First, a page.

At least two organizations already have issued formal furlough notices to employees.
If the across-the-board cut in federal spending known as sequestration goes into effect at the end of the week, it could take weeks for the process of formally notifying employees of impending furloughs to unfold at many agencies. That would mean, in many cases, that individual employees would not be subject to furloughs until some time in April.
But some agencies already have met their legal obligation to inform employees of furloughs, and could begin them in March, according to the Office of Management and Budget.
The Justice Department and the National Labor Relations Board already have issued formal furlough notices to individual employees, OMB said in a statement provided to Government Executive. In general, such notices must be sent out 30 days in advance of a furlough. But the 30-day notice requirement does not apply to all federal employees, OMB noted.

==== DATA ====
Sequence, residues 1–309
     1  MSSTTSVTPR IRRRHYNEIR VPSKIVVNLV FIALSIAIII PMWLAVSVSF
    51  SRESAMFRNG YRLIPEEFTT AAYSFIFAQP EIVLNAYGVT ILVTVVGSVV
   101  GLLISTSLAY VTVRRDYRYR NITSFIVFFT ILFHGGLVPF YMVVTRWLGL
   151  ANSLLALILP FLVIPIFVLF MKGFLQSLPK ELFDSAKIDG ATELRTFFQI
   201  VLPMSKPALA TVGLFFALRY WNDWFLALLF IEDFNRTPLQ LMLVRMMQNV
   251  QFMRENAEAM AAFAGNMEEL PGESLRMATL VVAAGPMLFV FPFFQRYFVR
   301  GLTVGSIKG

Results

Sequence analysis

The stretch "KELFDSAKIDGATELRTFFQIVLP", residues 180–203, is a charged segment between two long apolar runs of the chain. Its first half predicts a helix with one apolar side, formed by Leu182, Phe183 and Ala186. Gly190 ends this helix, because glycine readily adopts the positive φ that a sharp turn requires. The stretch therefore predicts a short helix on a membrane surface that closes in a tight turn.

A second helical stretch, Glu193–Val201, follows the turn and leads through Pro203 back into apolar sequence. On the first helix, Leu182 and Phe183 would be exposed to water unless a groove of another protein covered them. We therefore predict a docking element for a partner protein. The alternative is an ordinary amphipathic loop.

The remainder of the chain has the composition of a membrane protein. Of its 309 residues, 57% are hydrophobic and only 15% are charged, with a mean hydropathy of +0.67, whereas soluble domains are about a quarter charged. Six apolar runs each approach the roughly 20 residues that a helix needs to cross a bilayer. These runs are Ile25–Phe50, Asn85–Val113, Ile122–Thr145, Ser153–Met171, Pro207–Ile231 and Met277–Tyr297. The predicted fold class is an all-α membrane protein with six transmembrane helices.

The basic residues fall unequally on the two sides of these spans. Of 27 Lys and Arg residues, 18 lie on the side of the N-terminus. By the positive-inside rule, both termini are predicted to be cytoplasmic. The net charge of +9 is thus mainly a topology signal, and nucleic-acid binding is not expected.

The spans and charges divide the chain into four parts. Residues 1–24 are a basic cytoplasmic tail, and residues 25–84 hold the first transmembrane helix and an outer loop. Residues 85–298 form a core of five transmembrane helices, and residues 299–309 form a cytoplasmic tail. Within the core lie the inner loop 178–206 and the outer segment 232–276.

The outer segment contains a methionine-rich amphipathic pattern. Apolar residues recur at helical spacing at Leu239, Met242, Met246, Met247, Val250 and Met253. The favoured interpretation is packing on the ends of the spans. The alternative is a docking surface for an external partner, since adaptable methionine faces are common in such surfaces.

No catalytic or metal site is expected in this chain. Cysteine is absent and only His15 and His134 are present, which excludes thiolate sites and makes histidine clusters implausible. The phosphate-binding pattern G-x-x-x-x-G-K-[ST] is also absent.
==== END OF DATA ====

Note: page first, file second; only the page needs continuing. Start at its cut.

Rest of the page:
Many agencies, including the Defense Department, have communicated generally to their employees that should sequestration go into effect, they will be forced to furlough some or all of their workers. One, the Federal Aviation Administration, has notified its 47,000 employees that nearly all of them will be subjected to furloughs of approximately one day per pay period in the event of a sequester. These informal notices do not trigger the 30-day warning period.
Once formal furlough notices are sent, many agencies will have to begin the process of bargaining with labor unions representing employees over their specific terms. At some agencies, preliminary discussions with unions already are under way.
For updated details on agencies’ plans, see Government Executive’s Furlough Watch.